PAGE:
Boca West residents find they can't sell
homes due to $40,000 club fee
|Article Courtesy of Sun sentinel
By Tal Abbady
Published February 16, 2004
West Boca · It has lake views, a wrap-around deck and sunlit rooms, but Roy Kroul's condo has no takers.
Once prospective buyers learn they have
to fork out nearly $40,000 to be members of the Boca West Country Club,
they take their home-owning dreams elsewhere. Since residents voted in
April to make club membership mandatory for any incoming buyers, Kroul
and several others living in what they've dubbed the "lower end" of Boca
West have watched their homes languish on the market for months.
"There's more than meets the eye than mandatory membership as to why these units are not selling," said Robert Patasnick, a Fort Lauderdale partner with a national accounting firm and a specialist in country club communities. Patasnick worked as Boca West's auditor for 18 years, and was a consultant in its transition to mandatory membership. He said reports of poor sales while a community is transitioning into mandatory membership can hurt, but in the long run property values are bolstered
Kroul is one of 300 homeowners who bought their homes without club membership in Boca West. When news of the impending vote spread a year ago, they rallied in protest but were dwarfed by the roughly 2,800 club members who approved the measure.
Kroul, a retired graphics artist from New York whose walls are decked with the watercolor portraits that fill his time, bought his place more than two years ago for $83,000. He is now asking $120,000 and will have to lower his price if he gets no offers soon.
Like some of his neighbors, Kroul wants to leave Boca West for a more affordable community. He pays nearly $400 in monthly maintenance fees, which eats into his savings. Kroul lives on a $25,000 annual pension.
He is not alone. Dorothy Manuszewski, 73, has had her two-bedroom Sabal Lake home up for sale since May. She has lowered the price to $150,000 from $176,000, but still has had no offers. She bought the unit three years ago for $131,000.
"The equity is a noose around the neck," said Manuszewski, who works as a sales clerk. "It's the most unfair thing that happened with people's real estate here."
"In a regular community, Dorothy's apartment would have sold one-two-three. But few people are willing to commit to the equity and monthly charges," said Jane Zinno, Manuszewski's real estate agent.
She said Manuszewski's situation was an anomaly in a robust market that has seen property values go up by as much as 20 percent in parts of Palm Beach County.
Roberta Dyson was ready to sell her Boca West unit in 2002, but then was diagnosed with cancer and focused her energy on fighting the disease. Now healthy, the 66-year-old who lives on an $850 monthly widow's pension is bracing herself for a tough time in the real estate game.
"It's ridiculous," said Dyson, who is staying in Gainesville while she rents her unit. "I bought into that place with no equity. I should have the right to sell with no equity."
Dimming the prospects of a sale for Manuszewski, Kroul, and others, the $40,000 club fee is expected to go up to $50,000 in October because of an added charge that will finance renovations in the club's fitness center, Kroul said.For families or single, middle-class buyers looking at the Sabal Lake units, which range in price roughly from $70,000 to $180,000, it's another charge that puts the community out of their financial reach. Once they're in, families pay up to $5,000 in annual dues.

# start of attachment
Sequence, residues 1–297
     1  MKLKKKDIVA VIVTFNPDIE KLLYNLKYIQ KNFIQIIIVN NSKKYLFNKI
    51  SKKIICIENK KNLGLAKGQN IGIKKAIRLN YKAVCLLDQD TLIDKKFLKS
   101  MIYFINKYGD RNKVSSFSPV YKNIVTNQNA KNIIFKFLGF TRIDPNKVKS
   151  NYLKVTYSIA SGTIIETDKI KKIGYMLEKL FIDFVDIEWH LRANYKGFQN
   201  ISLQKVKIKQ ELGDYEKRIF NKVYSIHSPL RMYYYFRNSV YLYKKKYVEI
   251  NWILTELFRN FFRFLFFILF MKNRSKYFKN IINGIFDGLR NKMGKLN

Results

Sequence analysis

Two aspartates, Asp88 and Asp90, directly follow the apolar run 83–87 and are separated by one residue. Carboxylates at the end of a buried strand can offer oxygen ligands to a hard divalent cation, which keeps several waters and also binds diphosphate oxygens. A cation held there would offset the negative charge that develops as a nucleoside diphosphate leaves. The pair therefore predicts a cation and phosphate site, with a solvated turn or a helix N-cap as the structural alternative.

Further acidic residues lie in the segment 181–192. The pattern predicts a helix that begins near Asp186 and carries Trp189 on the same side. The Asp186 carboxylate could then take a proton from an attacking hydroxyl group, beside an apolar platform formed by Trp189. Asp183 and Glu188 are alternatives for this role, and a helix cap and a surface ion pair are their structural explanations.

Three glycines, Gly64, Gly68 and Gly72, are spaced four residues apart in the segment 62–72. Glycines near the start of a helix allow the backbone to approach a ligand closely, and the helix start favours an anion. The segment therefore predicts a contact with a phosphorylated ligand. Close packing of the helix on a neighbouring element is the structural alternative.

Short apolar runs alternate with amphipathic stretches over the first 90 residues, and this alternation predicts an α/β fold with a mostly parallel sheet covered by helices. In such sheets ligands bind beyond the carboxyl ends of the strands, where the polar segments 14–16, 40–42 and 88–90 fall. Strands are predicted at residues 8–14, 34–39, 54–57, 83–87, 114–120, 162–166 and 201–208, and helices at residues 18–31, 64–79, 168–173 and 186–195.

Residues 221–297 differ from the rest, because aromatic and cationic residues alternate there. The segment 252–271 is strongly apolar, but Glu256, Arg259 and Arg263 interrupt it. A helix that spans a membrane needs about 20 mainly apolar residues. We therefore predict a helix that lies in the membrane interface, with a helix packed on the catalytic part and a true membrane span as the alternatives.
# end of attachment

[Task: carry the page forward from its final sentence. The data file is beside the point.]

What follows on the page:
"I fell in love with the place and was ready to do everything I needed to secure it," said Wendy Markbreiter, a 40-something teacher who works in Delray Beach and considered buying Kroul's apartment. "But when I learned about all the additional fees, it was very discouraging," she said.
"It just isn't a good investment," Markbreiter said. "Once you're in you can't get out. You're stuck."
Attorney Larry Glickman, who represents the Boca West Master Association, said the fee change was meant to benefit the community's long-term financial health.
An aging population in clubs such as Boca West led to waning club memberships among residents, and that has forced many communities to go mandatory, Patasnick said.
"During the explosion of gated communities, developers would drop a country club right in the middle of a community to sell lots. That was in the '70s and '80s, when everyone was young and it was the American dream to retire and move near the beach or a country club," Patasnick said. But as they aged and felt the effects of a tightening economy, club members dropped out and communities struggled with dwindled budgets, leading to mandatory membership votes.
"The country club is no different than the gates, the street lights or the mailboxes," Patasnick said of the recent shift in attitudes toward country clubs, which were once seen by the average resident as a separate playground where a select group hobnobbed on the greens. Communities are now trying to present their clubs as part of the "common elements" that need to be maintained by everyone to protect property values.
Over the past five years, Patasnick said, local communities that have voted in mandatory membership include Boca West, Boca Woods, Bocaire, Broken Sound, Stonebridge and Woodfield. Boca Lago is considering joining the trend and a vote is expected in March.
As he takes in the breeze on his deck and watches golfers roll by in their carts, Kroul does not look like a burdened man. But not being able to sell his home could force him into financial ruin. He says he may have to walk away from his mortgage payments and foreclose. "All my savings are wrapped up in this place," he said. "It would destroy me."